An interesting twist on LA crime fiction
The Crenshaw Six are a small but up-and-coming gang in South Central LA who have recently been drawn into an escalating war between rival drug cartels. To outsiders, the Crenshaw Six appear to be led by a man named Garcia… but what no one has figured out is that the gang’s real leader (and secret weapon) is Garcia’s girlfriend, a brilliant young woman named Lola. Lola has mastered playing the role of submissive girlfriend, and in the man’s world she inhabits she is consistently underestimated. But in truth she is much, much smarter — and in many ways tougher and more ruthless — than any of the men around her, and as the gang is increasingly sucked into a world of high-stakes betrayal and brutal violence, her skills and leadership become their only hope of survival.
It took me a while to get around to reading this novel — another case of on Kindle, can’t see it on a shelf, so out of mind… I’m very glad that I finally got to it, though: this is a very good, interesting and well-written crime novel.
This novel is about many things: aside from the plot itself, about some missing heroin and lots of missing cash, the novel touches upon a number of other topics. Drug policy and rehabilitation, race relations in Los Angeles, (toxic) masculinity, and the “place” of women in society — both everyday and also within the communities and gangs of Los Angeles. The ways in which culture, home and society place expectations on the shoulders of citizens; but also the ways in which those in power manipulate the system to their own ends. Sometimes, these manipulations are purely for personal gain, but at others there is an element of assuaging a guilty conscience. The author doesn’t hammer the reader with social commentary, but the story is crafted in a way to make the reader think, and also challenge some of their own expectations and impressions.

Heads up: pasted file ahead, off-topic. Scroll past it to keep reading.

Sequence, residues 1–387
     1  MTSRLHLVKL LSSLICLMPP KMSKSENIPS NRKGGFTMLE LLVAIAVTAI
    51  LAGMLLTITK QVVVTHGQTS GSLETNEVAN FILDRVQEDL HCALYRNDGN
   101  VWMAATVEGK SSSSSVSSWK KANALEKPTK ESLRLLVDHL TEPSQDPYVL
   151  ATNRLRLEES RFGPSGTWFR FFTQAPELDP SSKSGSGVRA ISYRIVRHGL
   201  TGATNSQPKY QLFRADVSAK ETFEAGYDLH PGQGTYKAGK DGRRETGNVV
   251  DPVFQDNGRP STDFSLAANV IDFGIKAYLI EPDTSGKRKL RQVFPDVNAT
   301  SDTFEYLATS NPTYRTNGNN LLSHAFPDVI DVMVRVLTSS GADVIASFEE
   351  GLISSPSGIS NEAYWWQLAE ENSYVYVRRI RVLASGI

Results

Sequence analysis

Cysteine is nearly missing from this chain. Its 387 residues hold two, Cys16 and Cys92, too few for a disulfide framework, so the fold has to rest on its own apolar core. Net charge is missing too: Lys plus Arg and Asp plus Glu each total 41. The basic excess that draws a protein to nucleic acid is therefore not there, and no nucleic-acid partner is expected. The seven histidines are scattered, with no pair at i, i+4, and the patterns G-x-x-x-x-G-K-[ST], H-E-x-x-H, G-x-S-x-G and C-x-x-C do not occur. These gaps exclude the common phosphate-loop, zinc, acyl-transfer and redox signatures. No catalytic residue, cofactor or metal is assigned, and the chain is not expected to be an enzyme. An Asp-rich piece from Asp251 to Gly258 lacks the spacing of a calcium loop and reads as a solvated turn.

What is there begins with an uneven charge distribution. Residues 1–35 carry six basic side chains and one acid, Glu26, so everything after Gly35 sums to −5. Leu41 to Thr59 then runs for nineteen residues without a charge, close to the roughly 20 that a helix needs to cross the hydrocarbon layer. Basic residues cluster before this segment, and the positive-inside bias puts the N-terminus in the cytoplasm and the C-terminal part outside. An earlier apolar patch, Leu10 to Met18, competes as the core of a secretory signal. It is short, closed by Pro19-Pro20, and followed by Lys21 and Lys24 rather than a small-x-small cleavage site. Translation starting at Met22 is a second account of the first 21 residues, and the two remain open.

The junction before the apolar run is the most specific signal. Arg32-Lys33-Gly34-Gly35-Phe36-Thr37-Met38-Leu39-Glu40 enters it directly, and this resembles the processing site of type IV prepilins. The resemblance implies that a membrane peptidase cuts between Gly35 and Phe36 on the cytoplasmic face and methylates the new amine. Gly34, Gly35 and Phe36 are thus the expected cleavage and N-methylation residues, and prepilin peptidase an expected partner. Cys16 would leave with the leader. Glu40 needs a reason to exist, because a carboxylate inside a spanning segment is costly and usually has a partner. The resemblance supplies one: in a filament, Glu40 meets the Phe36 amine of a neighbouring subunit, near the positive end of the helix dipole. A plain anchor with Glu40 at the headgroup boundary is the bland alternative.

Lola Vasquez is an unusual, compelling protagonist: she’s more ruthless than many male gang leaders we’ve read about, more calculating and certainly more focused. Of course, part of the point is to reinforce the fact that women often have to do more to be seen as remotely as competent/capable as their male peers. There are times when her calculations — regarding tactics or the appearance of strength — are quite chilling, when it comes down to family members.
She’s not a one-dimensional anti-heroine, though. Her past and history with her mother has influenced her own sense of justice and what it means to be a good person. I don’t want to spoil the plot or side-plots, but there are a number of instances when Lola really steps up as, well, just a decent human being — albeit, her ultimate solution to one problem is… well, very Lola. (Yes, that is a vague paragraph, but read the novel and you’ll understand what I mean.)
The author’s prose is very good: sparse, clear and accessible. The pacing was interesting — rather than the break-neck approach storytelling of many crime and thriller authors, Lola has a more measured pace, without being slow or dragging. “Focused” is probably the best word to describe the pacing and story momentum. The plot never overshadows character development, and vice versa. It’s a very well-balanced novel.
I can easily see this novel appealing to fans of Michael Connelly, but also fans of TV shows like The Shield. I really enjoyed Lola, and am very much looking forward to reading the follow-up, American Heroin (out next month).
Lola is published in North America by Broadway Books, and in the UK by Point Blank/Oneworld. The next novel in the series, American Heroin, is due to be published by Broadway Books (February 19th), and Point Blank (February 14th).